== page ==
With more than 40 million people out of work, it is hard to feel sorry for those whose salaries range in the hundreds of thousands to millions of dollars each year.
The latest economic proposal by Major League Baseball owners was found by players to be “extremely disappointing.”
It’s still even harder to feel sorry for players, who complained even before the proposal was released Tuesday.
“If I’m going to play, I should be at the money I signed to be getting paid,” Tampa Bay pitcher Blake Snell said on a Twitch stream. “I should not be getting half of what I’m getting paid because the season’s cut in half, all on top of a 33 percent cut of the half that’s already there, so I’m really getting like 25 percent. On top of that, it’s getting taxed. So imagine how much I’m actually making to play, you know what I’m saying? Like, I ain’t making (expletive). And on top of that, so all of that money’s gone and now I play risking my life.”
Still, after looking at the owners’ proposal, it does seem draconian. The details are:
• A player at the $563,500 minimum would earn $262,217.
• A $1 million salary would be cut to $434,143.
• A $5 million salary to $1.6 million.
• A $10 million salary to $2.9 million.
• A $15 million salary to $4 million.
• A $20 million salary to $5 million.
• A $25 million salary to $6 million.
• A $30 million salary to $6.9 million.
• A $35 million salary to $7.8 million.
Baseball players appeared likely to propose more regular-season games this year while holding to their demand for full prorated salaries, people familiar with their deliberations told The Associated Press late Wednesday.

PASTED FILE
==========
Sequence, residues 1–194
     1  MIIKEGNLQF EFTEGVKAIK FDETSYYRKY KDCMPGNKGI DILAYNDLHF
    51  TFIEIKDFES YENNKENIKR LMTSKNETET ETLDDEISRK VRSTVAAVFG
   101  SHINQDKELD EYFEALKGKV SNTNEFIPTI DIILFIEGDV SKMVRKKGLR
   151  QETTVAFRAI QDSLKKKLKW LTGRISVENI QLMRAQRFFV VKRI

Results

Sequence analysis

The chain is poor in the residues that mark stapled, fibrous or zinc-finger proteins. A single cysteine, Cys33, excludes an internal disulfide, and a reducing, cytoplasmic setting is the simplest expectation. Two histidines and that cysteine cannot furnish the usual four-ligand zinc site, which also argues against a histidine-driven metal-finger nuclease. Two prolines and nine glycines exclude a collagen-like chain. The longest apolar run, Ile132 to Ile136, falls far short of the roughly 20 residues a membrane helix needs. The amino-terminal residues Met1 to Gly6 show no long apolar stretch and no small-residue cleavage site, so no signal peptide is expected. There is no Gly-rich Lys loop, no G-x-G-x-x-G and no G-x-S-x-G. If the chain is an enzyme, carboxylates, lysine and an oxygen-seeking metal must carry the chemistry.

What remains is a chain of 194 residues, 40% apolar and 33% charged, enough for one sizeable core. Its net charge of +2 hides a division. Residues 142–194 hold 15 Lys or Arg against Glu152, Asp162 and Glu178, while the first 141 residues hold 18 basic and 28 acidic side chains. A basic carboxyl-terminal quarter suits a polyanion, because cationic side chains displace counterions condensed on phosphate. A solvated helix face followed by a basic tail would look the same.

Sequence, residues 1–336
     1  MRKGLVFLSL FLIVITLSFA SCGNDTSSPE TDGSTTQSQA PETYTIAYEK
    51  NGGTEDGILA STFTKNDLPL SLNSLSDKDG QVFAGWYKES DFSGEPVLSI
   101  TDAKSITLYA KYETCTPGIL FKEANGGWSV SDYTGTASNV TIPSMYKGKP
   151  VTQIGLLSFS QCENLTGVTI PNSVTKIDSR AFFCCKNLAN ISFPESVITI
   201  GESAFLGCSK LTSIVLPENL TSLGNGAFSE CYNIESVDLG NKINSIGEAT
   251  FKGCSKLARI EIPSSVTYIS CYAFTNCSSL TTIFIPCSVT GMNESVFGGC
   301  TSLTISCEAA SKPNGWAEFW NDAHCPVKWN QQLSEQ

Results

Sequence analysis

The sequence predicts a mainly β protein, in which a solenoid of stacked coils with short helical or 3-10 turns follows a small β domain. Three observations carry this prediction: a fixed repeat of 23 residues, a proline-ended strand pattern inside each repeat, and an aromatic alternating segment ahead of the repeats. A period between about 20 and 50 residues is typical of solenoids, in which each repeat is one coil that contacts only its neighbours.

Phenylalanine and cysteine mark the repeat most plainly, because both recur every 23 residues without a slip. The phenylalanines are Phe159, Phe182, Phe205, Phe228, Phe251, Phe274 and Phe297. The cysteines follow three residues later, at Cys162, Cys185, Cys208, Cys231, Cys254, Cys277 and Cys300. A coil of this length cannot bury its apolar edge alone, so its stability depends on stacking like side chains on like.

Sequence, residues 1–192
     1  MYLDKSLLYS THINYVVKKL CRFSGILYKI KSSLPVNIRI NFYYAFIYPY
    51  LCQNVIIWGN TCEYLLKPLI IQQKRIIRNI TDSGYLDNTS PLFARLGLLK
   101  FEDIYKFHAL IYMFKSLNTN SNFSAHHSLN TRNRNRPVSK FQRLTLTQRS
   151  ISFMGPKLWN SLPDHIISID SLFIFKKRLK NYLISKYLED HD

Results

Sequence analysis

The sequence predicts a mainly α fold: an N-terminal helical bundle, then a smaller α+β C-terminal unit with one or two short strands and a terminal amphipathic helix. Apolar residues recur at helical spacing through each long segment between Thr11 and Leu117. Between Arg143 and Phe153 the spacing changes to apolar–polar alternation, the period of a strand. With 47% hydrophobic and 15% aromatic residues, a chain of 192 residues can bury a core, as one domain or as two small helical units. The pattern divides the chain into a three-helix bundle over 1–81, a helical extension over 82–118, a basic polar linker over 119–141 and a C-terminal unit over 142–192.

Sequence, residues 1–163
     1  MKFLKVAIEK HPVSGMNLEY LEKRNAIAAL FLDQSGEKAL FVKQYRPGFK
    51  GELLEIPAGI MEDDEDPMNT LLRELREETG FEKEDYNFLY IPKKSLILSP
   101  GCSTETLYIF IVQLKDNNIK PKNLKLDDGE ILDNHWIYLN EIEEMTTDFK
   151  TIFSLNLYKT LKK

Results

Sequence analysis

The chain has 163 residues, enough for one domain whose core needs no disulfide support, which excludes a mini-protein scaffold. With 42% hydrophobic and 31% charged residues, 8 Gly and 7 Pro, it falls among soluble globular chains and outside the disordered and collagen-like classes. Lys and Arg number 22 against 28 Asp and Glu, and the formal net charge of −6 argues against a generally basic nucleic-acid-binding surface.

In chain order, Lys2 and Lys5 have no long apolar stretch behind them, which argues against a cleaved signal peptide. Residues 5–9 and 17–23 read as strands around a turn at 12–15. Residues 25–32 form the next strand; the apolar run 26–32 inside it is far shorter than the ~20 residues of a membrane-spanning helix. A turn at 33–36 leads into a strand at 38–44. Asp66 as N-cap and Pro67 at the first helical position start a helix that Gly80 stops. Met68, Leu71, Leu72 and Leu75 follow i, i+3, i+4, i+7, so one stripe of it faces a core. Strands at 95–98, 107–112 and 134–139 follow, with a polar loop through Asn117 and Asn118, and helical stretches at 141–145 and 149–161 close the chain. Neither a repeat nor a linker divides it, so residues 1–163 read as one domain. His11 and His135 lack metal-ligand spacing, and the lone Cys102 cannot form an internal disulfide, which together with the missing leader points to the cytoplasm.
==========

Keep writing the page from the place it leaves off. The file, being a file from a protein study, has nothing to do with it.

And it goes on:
There are a few things to consider.
First, $7.8 million — and even $262,217 — would provide a more than comfortable living for the vast, vast majority of people, even without the pandemic.
Second, the owners are not paupers. Each of them is at least a multimillionaire, if not a billionaire.
Third, Major League Baseball has claimed teams would lose billions of dollars by playing with no ticket money and gate-related revenue. Welcome to the pandemic and join the airline industry, the retail industry, the energy sector and pretty much every other sector of the economy.
Washington pitcher Max Scherzer, among eight players on the union’s executive subcommittee, issued a statement late Wednesday night calling management’s proposal for more salary cuts a non-starter.
It’s beginning to look as if the entire season might be a non-starter, but probably not. Too much money is at stake.
• Dave Mathews